Oslo backs efforts by the EU to maintain the JCPOA, the Norwegian Foreign Ministry said on Wednesday after a meeting between the head of the Atomic Energy Organization of Iran (AEOI), Ali Akbar Salehi, and the Norwegian foreign minister, Ine Eriksen Søreide, in the Norwegian capital, IRNA reported.
The ministry described the talks between the two sides as constructive and said the Iranian and Norwegian officials highlighted the significance of the JCPOA in the reinforcement of regional stability and security.
The Norwegian foreign minister also urged the Iranian side to continue to fulfill its obligations under the JCPOA, the ministry added.
Earlier, Salehi, who is in Norway to attend the annual Oslo Forum, also sat down with Norwegian Prime Minister Erna Solberg as well as UN Secretary General Antonio Guterres to discuss the latest developments regarding the Iran nuclear deal following the US withdrawal from the JCPOA, Presstv reported.
Last month, US President Donald Trump announced Washington’s pullout from the JCPOA and vowed to impose “the highest level” of economic bans on the Islamic Republic, drawing strong criticisms from the remaining parties and the entire world community.
Iran has said it will remain committed to the deal for the time being, pending negotiations with other signatories to the JCPOA to see if Tehran’s interests would still be protected under an accord without the US.
Separately on Wednesday, a senior adviser to Leader of the Islamic Revolution Ayatollah Seyyed Ali Khamenei said the Europeans should force the US to stop obstructing the implementation of the JCPOA.
“Europeans must fulfill their obligations under the JCPOA and force the United States to stop its acts of sabotage,” Ali Akbar Velayati told reporters in Tehran.
The former foreign minister said the Iranian nation had announced its conditions for remaining in the JCPOA and would by no means compromise them.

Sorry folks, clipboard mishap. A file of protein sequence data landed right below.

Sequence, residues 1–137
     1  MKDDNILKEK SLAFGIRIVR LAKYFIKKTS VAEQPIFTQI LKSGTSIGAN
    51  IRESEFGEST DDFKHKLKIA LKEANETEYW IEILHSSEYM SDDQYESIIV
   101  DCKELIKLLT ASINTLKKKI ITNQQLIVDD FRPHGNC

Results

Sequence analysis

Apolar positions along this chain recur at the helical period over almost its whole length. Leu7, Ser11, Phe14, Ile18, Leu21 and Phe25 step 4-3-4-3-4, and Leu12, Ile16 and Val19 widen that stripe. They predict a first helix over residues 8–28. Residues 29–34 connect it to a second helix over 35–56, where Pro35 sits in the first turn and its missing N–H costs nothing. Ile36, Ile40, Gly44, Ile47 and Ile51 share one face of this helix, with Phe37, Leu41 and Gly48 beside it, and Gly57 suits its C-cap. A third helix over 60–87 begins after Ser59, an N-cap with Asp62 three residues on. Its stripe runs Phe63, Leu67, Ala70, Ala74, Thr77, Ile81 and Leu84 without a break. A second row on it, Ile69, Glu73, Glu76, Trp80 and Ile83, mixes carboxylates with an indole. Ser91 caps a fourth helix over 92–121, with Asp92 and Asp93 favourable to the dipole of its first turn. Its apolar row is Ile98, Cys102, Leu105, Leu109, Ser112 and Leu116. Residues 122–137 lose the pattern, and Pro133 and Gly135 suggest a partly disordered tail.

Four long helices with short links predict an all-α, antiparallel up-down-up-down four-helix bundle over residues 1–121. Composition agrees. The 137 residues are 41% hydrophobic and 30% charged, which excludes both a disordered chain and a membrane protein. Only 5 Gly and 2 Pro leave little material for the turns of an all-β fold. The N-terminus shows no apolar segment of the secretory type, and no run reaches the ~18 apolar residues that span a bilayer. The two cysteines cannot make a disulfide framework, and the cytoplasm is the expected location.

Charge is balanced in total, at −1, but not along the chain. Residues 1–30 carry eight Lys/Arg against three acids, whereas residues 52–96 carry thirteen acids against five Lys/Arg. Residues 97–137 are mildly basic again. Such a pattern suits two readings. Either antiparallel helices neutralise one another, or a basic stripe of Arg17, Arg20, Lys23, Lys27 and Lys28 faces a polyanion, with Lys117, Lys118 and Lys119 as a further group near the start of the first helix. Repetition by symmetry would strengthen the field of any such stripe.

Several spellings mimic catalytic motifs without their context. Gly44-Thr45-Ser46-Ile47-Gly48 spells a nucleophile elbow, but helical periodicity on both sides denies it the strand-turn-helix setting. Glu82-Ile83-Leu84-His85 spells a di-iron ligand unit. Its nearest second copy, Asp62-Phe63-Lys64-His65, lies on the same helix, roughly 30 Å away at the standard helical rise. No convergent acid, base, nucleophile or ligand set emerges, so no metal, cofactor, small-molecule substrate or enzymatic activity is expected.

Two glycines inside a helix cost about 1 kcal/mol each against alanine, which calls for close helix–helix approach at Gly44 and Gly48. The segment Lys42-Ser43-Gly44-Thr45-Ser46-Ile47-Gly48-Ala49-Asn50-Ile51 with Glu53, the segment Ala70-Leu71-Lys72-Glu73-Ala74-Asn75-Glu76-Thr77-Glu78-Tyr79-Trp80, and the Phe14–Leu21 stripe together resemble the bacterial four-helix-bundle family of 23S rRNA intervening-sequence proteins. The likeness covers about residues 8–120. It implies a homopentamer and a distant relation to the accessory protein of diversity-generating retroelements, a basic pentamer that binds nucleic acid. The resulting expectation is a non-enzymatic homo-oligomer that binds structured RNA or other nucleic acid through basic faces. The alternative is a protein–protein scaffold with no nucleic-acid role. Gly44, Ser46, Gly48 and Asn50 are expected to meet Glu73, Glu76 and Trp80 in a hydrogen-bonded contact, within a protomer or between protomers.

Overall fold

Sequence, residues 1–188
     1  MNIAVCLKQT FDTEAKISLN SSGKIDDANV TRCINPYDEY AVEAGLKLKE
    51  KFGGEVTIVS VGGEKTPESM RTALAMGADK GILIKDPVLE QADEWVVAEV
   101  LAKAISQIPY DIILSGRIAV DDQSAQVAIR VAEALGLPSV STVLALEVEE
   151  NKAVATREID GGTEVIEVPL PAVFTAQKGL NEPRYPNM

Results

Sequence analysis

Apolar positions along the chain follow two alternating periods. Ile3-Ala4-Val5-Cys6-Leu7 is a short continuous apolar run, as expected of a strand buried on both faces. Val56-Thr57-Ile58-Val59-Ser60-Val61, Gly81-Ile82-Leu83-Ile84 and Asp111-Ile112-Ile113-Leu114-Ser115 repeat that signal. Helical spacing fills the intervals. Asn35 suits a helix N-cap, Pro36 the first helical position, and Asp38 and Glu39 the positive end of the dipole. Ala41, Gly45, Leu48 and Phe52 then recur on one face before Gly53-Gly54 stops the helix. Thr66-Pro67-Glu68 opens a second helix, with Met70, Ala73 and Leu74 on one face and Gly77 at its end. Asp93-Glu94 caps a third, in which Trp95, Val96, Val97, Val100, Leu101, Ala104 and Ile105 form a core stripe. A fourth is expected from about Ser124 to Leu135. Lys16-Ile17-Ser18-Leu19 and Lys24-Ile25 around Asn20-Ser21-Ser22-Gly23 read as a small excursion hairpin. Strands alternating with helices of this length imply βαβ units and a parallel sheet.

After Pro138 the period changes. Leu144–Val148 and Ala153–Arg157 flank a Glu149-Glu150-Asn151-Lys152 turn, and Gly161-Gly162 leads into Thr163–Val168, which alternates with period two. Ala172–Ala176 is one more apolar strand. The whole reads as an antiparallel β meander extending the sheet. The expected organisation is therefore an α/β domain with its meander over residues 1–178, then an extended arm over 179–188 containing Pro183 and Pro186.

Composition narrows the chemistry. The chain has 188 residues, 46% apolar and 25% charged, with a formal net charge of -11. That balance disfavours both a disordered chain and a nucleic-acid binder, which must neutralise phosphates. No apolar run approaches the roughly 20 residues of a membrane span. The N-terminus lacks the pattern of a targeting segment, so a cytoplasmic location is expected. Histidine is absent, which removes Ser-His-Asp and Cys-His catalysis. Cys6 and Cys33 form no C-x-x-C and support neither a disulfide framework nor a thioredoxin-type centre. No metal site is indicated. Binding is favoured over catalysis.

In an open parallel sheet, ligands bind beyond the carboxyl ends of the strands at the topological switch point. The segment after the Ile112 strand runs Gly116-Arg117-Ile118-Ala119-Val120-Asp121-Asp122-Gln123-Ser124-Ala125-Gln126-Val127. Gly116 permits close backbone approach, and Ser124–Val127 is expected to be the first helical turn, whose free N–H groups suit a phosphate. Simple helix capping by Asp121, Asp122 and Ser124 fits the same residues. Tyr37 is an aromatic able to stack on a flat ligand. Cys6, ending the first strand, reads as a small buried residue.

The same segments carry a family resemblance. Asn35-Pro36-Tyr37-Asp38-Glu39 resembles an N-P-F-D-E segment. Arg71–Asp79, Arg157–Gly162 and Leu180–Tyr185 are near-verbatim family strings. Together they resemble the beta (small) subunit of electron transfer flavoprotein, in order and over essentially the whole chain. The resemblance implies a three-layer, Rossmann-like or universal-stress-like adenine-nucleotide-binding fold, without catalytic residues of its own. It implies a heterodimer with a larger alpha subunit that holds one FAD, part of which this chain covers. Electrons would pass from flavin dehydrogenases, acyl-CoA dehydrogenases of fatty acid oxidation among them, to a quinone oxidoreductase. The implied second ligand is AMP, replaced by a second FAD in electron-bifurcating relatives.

Since Trump’s announcement on May 8, European countries have said they will try to keep Iran’s oil and investment flowing, but have also said they will struggle to provide the guarantees Tehran seeks.
Earlier this month, the European Commission adopted an update of a law that would order EU firms not to comply with US sanctions on Iran, a move aimed at countering the possible effects of the bans on European companies wanting to invest in Iran after Washington's exit from the Iran nuclear deal.
The decision is “meant to help protecting the interests of EU companies investing in Iran and to demonstrate the EU's commitment to the Joint Comprehensive Plan of Action (JCPOA),” the commission, which serves as the executive arm of the EU, said in a press release on June 6.
The European regulation, called the "blocking statute," was originally created in 1996 to defend European businesses from US penalties for dealing with Cuba. The system, which was never actually used, permitted European companies to ignore the US sanctions and said that any decisions by foreign courts based on the sanctions would not be upheld in Europe.
"If no objection is raised," the legislation will come into effect "no later than the beginning of August, when the first round of re-imposed US sanctions" will take effect, the commission added.